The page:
The Intersections of Species Politics, Colonialism, Food Justice, and Gender in Okja
By Tori Lion, CF Toronto Organizer
(Please note that this article contains spoilers.)
Recently, after completing an intensive course, I finally had the opportunity to watch Bong Joon-ho’s new film, Okja, which has been receiving a lot of attention in the vegan and nonhuman animal rights activist communities. Aside from applauding it for being a beautiful film that will hopefully inspire many viewers to consider the subjectivity of nonhuman animals reduced to commodities within the agricultural industrial complex, I would like to focus on the interesting opportunities that it presents to elucidate the intersections between species politics, colonialism, food justice, and gender for a wide audience. I will also comment more broadly on aspects of the film that I found to be progressive and those that I wish had been done differently.
Apart from the ethics of consuming nonhuman animals (who I will refer to as “animals” henceforth for the sake of brevity), a clear overarching theme of the film is food imperialism. Very early in the film, Lucy Mirando (played by Tilda Swinton), the CEO of its main corporate villain, states that her company kidnapped and exploited a creature indigenous to Chile in order to create Okja and her siblings (who look roughly like hybrids between pot-bellied pigs, hippos, and elephants). The “Super Pig Competition,” which the film’s introductory sequence tells us involved exporting twenty-six “super piglets” to small subsistence farmers, mostly located in non-Western countries and in the Global South, is clearly a Disneyfied colonial project made for reality TV.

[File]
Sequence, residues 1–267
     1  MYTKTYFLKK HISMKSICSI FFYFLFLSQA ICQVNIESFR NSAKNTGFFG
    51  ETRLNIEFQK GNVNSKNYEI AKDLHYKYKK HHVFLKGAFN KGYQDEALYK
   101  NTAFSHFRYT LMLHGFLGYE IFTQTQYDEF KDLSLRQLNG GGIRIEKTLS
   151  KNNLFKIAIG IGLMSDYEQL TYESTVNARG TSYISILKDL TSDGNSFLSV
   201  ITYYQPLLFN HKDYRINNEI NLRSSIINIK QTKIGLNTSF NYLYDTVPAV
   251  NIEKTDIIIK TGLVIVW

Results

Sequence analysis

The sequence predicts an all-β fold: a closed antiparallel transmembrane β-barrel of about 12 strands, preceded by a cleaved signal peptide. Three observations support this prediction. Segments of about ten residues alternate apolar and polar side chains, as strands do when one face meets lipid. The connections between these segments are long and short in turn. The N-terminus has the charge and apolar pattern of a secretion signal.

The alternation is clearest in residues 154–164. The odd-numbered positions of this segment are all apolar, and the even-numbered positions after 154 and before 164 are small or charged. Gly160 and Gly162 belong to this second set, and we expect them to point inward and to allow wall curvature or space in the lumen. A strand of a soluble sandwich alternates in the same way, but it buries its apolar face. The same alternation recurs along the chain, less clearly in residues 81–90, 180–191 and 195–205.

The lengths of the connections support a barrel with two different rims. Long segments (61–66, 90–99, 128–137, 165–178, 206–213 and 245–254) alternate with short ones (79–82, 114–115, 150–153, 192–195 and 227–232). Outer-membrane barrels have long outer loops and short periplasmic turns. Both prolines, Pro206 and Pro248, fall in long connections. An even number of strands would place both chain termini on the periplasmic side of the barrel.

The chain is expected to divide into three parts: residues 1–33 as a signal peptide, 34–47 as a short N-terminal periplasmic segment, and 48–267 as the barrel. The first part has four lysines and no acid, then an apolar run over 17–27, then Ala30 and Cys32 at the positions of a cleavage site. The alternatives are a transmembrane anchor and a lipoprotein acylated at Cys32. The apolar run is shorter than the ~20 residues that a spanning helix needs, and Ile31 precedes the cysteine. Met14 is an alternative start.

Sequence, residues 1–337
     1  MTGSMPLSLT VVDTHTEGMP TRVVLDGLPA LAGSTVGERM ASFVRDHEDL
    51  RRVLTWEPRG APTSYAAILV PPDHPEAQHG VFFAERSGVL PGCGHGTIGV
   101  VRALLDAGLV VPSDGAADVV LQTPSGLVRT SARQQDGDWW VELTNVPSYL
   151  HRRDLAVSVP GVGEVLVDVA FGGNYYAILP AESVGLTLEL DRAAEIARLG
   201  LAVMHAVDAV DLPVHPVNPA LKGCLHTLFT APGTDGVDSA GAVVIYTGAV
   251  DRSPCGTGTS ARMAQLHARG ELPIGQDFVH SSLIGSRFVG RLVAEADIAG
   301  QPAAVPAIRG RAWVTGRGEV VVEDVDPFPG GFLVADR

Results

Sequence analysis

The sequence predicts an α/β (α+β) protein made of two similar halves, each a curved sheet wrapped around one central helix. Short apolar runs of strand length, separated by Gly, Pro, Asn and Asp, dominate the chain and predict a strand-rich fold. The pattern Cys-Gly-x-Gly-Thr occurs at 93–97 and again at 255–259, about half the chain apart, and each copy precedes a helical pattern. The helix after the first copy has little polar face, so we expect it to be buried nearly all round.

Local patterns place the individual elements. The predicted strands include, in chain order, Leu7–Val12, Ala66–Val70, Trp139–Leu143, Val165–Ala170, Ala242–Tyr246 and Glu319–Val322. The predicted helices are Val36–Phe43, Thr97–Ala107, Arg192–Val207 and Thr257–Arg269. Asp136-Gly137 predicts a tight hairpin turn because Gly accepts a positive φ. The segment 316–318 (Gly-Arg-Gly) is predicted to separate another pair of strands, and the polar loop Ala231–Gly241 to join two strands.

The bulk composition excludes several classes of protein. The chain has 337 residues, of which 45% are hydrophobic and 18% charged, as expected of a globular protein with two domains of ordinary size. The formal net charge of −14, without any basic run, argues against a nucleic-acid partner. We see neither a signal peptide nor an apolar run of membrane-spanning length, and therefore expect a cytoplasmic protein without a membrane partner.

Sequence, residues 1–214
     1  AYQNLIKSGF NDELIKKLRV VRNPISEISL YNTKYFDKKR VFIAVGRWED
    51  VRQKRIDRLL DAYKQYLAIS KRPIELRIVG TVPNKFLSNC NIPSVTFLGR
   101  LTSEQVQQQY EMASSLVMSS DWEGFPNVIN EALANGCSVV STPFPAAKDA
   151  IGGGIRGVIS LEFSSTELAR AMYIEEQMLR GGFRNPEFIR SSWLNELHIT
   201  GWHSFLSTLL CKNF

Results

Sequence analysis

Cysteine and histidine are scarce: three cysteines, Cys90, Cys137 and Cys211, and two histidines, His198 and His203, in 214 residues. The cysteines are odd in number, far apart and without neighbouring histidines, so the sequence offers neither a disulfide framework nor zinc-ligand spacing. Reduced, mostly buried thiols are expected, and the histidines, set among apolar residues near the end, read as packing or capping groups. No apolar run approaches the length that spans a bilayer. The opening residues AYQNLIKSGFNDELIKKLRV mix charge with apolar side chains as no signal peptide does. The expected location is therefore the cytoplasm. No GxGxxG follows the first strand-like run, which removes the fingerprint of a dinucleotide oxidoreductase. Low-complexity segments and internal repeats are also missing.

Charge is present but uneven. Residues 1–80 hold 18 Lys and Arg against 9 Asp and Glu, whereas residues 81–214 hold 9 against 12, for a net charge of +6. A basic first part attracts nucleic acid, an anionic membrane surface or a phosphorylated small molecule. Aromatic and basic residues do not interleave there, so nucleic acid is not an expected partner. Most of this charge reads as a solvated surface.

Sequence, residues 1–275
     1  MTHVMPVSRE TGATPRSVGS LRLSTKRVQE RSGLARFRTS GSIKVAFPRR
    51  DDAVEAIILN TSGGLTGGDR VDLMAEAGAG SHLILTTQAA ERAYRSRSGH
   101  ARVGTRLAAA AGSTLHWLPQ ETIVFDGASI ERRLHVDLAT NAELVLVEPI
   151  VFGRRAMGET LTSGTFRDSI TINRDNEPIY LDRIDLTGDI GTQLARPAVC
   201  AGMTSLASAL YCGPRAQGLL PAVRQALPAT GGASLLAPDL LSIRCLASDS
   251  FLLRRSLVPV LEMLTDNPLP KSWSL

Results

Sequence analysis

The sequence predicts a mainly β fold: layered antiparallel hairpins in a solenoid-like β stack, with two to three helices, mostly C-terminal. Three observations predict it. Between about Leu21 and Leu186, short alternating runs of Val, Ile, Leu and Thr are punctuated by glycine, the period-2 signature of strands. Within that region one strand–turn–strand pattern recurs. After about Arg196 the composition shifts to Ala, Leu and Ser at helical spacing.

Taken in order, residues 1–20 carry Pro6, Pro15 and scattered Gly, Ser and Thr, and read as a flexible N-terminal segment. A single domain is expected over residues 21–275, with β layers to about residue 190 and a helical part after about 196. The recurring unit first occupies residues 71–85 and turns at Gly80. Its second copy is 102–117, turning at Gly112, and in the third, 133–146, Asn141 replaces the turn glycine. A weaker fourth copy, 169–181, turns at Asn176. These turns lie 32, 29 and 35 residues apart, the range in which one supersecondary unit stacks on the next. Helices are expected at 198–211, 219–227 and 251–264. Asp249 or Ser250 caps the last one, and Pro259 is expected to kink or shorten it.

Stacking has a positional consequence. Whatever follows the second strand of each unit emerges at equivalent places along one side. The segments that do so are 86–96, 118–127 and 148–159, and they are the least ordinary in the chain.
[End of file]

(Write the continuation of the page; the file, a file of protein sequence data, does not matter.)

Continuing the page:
With its combination of mass entertainment and the tropes of nineteenth-century scientific expeditions, the Super Pig Competition has shades of Burger King’s 2008 “Whopper Virgins” advertisement/documentary (brilliantly deconstructed by animal studies scholar Vas Stanescu), which involved airlifting “Whoppers” to remote indigenous communities, many of whom had never eaten “hamburgers” before, and filming their members performing sideshow-like “Whopper” taste tests. In this vein, Dr. Johnny Wilcox (played by Jake Gyllenhaal), the veterinarian/pop scientist/failed TV star hired by Lucy to add flair to the competition, can be interpreted as a colonial archetype, a white Steve Irwin/Doctor Dolittle-like character who goes on exciting safari-style creature hunts in “exotic” locations. (For more on how Irwin’s persona romanticized European domination of a landscape marked by the enslavement and genocide of indigenous people, please see Graham Huggan’s paper, “Crocodile Tears: The Life and Death of Steve Irwin.”)